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Bond boss pledges safety improvements

Luke Farajallah
Luke Farajallah

The boss of Bond Offshore Helicopters said yesterday he was “very sorry” about the tragedy and pledged to continue to strive for further safety improvements.

Managing director Luke Farajallah said the company would take time to fully study the determination from Sheriff Derek Pyle, which identified three main failings on the part of the aviation firm.

Sheriff Pyle found it was “possible” that the accident might have been avoided if Bond had correctly followed maintenance manuals and communicated more effectively with manufacturer Eurocopter.

However, his determination said Bond engineers had carried out their jobs as “diligently” as they could, and stressed that if problems with the gearbox had been detected, it did not necessarily follow that it would have been removed.

In an interview on the day of the publication of the FAI report into the 2009 Super Puma crash, Farajallah acknowledged that mistakes had been made, but insisted these were a result of “honest confusion”.

“The determination found that even if we had carried out the correct procedure, it is by no means certain that the gearbox would have been removed, as there may not have been sufficient evidence of particles to warrant its removal.”

Farajallah, who pointed out that a “completely new” management team was in place, said the company had entered into the fatal accident inquiry process “in full co-operation and transparency” and the firm “held nothing back”.

While acknowledging that Bond and the wider industry would have to fully digest the findings, he added: “My initial thoughts are actually for the families, and our continued deep sorrow at the loss of lives and our sincere hopes the findings will enable them to move forward.”

When pressed on his message to the families, he said: “We are very sorry that so many lives were lost and we are working hard to ensure this never happens again.”

Farajallah said he did not believe a full public inquiry was warranted, but added that the company would “naturally” co-operate fully if another probe was to take place.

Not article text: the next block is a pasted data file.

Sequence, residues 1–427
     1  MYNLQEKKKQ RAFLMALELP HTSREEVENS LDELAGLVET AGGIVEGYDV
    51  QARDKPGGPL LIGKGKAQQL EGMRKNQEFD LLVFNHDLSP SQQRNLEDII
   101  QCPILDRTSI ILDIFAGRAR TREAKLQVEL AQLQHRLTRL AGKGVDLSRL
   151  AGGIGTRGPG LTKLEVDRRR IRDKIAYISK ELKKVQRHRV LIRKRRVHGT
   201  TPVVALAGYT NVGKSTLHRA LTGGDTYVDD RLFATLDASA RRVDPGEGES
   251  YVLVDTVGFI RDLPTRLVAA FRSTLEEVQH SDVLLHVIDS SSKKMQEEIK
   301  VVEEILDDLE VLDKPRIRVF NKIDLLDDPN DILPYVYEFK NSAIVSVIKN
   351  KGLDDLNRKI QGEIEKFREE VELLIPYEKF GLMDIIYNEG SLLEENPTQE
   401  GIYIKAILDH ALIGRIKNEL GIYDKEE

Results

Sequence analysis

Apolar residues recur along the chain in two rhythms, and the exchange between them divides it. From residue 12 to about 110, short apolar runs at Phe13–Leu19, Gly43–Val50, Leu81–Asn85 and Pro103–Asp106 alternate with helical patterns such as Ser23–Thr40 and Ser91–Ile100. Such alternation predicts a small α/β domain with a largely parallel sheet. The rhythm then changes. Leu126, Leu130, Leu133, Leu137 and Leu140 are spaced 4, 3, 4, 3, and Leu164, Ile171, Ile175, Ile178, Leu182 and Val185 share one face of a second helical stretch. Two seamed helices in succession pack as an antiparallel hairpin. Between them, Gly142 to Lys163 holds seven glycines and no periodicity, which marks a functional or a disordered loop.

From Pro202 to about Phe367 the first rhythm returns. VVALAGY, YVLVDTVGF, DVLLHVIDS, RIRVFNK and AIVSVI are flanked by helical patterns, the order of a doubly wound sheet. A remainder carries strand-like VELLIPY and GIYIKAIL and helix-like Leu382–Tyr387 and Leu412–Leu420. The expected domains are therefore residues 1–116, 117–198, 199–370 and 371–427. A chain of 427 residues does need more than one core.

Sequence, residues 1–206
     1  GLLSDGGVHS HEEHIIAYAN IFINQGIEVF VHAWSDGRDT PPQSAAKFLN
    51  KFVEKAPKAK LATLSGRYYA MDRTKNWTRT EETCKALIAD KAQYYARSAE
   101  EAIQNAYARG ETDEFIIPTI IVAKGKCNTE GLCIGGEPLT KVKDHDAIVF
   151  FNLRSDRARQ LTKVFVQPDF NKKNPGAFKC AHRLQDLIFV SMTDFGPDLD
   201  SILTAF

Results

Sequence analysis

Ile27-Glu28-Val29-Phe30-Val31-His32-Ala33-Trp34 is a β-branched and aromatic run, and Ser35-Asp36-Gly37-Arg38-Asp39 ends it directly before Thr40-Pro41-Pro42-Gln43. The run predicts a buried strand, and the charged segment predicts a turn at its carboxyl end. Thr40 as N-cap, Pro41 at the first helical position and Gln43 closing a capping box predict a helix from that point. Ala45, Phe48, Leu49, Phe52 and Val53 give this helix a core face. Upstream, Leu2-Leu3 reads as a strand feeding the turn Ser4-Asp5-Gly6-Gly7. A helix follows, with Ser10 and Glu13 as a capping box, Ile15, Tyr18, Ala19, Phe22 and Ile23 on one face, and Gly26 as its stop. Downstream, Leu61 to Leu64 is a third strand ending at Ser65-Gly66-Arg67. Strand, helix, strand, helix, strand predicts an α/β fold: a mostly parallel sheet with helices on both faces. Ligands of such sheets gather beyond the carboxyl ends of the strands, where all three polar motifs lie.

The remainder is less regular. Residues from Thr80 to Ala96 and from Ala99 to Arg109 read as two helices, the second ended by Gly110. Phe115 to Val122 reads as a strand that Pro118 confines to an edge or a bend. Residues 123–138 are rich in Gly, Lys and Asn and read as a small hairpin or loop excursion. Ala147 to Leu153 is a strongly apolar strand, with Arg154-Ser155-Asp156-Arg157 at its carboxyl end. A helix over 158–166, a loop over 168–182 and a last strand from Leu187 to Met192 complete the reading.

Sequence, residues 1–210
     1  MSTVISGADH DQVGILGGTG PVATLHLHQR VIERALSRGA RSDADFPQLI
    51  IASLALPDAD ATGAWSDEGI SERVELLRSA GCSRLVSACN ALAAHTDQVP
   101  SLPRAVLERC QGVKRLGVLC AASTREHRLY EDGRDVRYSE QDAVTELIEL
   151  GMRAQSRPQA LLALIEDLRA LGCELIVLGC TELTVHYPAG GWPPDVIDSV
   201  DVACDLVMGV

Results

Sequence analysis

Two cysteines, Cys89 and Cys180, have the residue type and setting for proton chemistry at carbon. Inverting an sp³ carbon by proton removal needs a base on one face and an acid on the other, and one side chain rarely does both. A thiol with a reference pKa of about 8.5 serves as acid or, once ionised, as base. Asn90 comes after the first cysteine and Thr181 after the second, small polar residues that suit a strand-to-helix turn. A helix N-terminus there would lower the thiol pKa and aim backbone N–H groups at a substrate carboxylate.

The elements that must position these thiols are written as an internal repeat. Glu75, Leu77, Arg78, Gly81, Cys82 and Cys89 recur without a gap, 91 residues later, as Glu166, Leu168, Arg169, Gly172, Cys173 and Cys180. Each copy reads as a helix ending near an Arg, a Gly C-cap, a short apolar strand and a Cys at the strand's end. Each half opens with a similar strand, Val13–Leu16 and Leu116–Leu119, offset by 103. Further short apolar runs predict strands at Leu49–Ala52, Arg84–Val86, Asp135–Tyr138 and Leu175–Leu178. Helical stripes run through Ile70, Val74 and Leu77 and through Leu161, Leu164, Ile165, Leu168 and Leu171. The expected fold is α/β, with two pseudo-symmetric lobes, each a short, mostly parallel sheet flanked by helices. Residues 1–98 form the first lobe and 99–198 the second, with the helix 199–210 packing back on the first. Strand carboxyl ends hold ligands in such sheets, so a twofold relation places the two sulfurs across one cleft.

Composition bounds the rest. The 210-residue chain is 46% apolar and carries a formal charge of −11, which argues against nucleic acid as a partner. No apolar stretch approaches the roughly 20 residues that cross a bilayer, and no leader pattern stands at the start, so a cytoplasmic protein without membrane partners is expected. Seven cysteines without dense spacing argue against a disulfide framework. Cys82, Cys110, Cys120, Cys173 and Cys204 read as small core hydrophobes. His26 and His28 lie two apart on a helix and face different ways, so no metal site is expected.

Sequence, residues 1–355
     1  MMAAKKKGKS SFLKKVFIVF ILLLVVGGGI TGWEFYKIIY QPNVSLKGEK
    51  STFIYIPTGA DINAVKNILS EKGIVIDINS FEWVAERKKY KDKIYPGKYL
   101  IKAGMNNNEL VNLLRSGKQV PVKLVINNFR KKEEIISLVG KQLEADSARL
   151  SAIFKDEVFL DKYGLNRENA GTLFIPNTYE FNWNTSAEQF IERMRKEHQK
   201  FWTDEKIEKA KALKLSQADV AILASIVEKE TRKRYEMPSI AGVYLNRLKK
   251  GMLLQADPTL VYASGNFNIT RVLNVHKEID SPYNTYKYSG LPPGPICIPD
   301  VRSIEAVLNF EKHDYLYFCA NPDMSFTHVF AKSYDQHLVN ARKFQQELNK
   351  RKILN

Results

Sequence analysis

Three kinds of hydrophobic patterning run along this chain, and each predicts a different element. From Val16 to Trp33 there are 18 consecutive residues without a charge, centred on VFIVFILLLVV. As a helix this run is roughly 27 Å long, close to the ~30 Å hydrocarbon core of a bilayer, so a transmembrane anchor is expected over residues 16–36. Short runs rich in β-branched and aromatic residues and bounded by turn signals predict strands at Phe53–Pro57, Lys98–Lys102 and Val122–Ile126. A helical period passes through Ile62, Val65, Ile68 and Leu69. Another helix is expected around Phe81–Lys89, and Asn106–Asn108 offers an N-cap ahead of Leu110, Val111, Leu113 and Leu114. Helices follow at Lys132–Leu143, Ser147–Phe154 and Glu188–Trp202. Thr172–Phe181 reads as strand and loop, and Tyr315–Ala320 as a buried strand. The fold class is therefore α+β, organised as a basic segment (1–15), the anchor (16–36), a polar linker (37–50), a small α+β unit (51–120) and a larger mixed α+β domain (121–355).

Bond and other helicopter operators would continue to work together to ensure “best practice”, he said.

“We would like to express again our deep sorrow at the 16 lives lost in 2009,” Mr Farajallah added.

“We owe it to their memories, and to the 160,000 men and women we carry every year, to continue to deliver the highest standards of safety in everything we do.”

Families “will press for charges”

Meanwhile, families of the 16 Super Puma victims will meet Scotland’s top prosecutor to press their case for helicopter operator Bond to face criminal charges.

Relatives want to see the global firm brought before a judge and jury over the 2009 North Sea tragedy.

The Crown Office, which earlier ruled no prosecution would take place, said yesterday that it would not reopen the case because the cause of the crash was not beyond reasonable doubt.

Solicitor advocate Tom Marshall, from Thompsons Solicitors, said the Crown was being “perhaps simplistic”.

He argued there was sufficient evidence to prosecute Bond under health and safety laws, and said the findings of Sheriff Derek Pyle in yesterday’s fatal accident inquiry report might not be shared by a jury.

“It’s an appalling state of affairs where 16 men can lose their lives while simply returning from work and yet no one has been prosecuted,” Marshall said.

“Thompsons strongly backs the families and the offshore trade unions in asking the Lord Advocate to think again and reopen this case.”

He pointed to successful prosecutions under the Health and Safety Act following the 2004 Stockline factory explosion in Glasgow and the Potter’s Bar rail crash in 2002.

Marshall said it was time to get the evidence surrounding the helicopter crash into a court room.

“The sheriff who led the FAI was effectively a one-person jury. His report was his assessment of the evidence he had,” he said.

“A jury in a trial could come to a completely different view. It is not that there was no evidence. It is just that the evidence that there was did not satisfy a sheriff and that the necessary standard of proof was achieved. A different court may come to a different conclusion.”

Marshall said it was important for the families to meet Lord Advocate Frank Mulholland “face to face”.

“I think they would like to be told what the chain of thought was at the time the Crown decided there would be no prosecution, when that happened and why that happened.”

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